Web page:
Book Club : Sanctuaries of Childhood Chapter Seven


Today I will be summarizing and discussing the seventh chapter of Shea Darian’s book, Sanctuaries of Childhood: Nurturing a Child’s Spiritual Life. The book is written for parents or caregivers who are looking for inspirational ideas on how to nurture spirituality (non-denominational and all-encompassing) within themselves and their children. I will share a chapter summary every few weeks and would love you to join in with your reflections in the comments section.

Chapter Seven: Sacred Conversations – The Sanctuary of Prayer

Entering the Sanctuary of Prayer

  • Darian tells the story of a Minister who told the congregation there are two ways to pray- hands folded or palms open
  • She believes the ways to pray are countless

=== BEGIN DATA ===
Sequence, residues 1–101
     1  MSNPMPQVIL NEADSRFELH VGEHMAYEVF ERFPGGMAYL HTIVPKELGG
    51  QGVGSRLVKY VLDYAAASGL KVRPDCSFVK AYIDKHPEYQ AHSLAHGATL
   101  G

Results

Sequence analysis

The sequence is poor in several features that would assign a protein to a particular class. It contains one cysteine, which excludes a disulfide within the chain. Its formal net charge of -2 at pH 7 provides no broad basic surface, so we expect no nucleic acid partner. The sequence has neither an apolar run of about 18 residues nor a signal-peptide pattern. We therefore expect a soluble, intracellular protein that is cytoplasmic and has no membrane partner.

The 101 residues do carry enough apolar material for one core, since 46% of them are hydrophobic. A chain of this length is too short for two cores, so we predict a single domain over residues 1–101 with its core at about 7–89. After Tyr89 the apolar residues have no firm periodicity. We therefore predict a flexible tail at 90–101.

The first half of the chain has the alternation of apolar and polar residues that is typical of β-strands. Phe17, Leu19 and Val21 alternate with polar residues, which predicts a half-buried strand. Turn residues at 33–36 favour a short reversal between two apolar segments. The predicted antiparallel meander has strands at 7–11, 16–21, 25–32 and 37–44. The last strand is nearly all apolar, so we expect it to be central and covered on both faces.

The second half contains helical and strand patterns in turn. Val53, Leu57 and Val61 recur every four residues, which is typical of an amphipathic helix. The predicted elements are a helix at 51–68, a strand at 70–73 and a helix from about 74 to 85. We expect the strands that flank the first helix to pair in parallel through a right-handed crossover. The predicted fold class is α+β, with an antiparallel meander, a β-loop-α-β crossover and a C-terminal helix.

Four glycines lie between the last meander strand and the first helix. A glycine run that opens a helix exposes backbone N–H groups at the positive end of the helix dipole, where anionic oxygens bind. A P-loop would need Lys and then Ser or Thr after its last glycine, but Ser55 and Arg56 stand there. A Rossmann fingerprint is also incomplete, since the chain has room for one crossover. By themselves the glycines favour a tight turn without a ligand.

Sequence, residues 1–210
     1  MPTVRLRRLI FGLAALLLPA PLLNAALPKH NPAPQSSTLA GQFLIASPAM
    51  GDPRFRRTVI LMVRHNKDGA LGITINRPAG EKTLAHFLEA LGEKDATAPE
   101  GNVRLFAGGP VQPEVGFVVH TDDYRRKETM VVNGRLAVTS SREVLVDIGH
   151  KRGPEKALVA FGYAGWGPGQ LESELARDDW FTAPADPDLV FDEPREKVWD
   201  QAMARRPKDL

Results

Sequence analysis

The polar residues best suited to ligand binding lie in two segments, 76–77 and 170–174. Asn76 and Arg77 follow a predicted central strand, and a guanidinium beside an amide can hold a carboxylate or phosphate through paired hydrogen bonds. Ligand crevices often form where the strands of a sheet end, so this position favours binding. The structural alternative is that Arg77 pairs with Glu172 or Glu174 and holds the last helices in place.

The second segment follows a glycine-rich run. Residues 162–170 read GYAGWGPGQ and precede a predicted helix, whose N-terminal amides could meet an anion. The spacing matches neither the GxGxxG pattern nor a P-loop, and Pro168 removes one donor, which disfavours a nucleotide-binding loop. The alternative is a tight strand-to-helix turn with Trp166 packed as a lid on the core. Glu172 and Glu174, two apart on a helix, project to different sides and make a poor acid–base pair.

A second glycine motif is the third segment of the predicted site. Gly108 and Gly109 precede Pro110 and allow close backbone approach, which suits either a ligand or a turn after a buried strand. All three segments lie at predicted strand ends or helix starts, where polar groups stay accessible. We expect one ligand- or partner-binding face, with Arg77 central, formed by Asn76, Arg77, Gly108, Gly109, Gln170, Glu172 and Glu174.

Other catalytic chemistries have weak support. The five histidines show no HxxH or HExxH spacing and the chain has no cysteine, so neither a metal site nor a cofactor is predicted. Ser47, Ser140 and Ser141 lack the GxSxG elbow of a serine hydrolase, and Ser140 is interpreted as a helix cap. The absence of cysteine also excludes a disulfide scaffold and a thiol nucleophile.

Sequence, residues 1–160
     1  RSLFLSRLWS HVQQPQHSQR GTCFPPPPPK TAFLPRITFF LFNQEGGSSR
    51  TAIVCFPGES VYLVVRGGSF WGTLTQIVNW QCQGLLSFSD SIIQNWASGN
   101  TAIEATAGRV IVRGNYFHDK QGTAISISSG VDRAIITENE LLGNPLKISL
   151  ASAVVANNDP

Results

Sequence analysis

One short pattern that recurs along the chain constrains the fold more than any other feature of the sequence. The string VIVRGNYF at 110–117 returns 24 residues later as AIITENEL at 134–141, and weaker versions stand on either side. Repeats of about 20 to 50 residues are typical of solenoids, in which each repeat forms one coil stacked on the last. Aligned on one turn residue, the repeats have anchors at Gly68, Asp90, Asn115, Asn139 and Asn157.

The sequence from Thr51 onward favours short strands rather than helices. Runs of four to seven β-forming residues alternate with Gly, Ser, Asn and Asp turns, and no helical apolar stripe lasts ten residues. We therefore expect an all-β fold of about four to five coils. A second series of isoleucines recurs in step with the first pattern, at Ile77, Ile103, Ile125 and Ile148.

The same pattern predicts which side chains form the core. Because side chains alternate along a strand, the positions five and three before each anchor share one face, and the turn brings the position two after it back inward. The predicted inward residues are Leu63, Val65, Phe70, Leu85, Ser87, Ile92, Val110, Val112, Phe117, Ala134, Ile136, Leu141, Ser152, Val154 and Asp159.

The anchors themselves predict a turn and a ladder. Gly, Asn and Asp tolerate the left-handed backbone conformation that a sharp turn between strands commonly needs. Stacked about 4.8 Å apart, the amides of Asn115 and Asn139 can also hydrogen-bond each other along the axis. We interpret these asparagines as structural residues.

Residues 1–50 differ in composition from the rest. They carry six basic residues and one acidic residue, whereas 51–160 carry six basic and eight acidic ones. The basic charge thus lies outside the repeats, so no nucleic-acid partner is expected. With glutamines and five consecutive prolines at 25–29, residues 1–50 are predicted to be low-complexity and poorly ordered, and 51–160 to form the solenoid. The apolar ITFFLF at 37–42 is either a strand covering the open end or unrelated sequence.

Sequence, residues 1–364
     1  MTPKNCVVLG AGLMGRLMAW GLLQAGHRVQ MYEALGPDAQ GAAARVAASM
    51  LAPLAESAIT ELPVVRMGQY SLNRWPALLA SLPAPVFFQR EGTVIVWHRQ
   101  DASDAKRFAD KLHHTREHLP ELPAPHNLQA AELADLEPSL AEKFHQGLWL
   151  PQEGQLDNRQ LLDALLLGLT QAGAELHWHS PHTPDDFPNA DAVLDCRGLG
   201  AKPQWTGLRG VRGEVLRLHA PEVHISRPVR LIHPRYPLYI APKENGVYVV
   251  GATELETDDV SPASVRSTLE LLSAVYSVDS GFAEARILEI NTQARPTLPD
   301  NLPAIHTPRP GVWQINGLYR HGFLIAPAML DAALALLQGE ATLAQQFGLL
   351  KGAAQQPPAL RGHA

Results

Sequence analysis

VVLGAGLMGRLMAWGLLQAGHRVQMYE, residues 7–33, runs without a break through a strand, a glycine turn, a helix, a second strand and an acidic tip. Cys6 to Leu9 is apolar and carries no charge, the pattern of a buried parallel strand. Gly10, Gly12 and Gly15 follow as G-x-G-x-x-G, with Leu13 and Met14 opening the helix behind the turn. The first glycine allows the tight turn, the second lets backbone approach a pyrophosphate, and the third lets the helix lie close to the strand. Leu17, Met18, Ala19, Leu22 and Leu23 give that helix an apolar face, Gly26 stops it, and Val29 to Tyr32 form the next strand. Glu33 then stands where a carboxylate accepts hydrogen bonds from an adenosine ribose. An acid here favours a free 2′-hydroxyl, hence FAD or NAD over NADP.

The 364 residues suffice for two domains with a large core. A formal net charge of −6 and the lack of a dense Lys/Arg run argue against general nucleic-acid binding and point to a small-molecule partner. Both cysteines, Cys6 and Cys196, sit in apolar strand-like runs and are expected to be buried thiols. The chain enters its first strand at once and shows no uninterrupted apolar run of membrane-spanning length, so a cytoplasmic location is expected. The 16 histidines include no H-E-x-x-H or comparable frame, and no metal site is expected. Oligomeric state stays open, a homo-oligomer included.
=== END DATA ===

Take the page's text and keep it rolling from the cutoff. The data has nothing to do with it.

• Praying is quite simply, “an acknowledgement of the sacred conversation going on in our souls continually”. p. 111
  • Our lives can be a living prayer

Nurturing Children in the Sanctuary of Prayer

  • Not everyone feels in themselves the need to pray formally as your would expect when saying a blessing or praying by the bed kneeling
  • Children long to see us living out “honest, heartfelt expressions of our faith in the invisible world”
  • We must make our thoughts and beliefs about “another world” tangible for our children in whatever ways (doing) we feel are authentic to us
  • the “inner gesture of our heart and souls” is of most importance p. 115

Seeking Wisdom in Prayer

  • Darian suggests nourishing your child’s spiritual side with stories of a Guardian Angel or another kind of Spirit that stays with them and gives them strength through all of life’s ups and downs
  • This Guardian does not protect him/her form the pains and sufferings that life sometimes brings but provides spiritual security- no matter what happens to our body, heart and mind, spiritually there is something deeper supporting us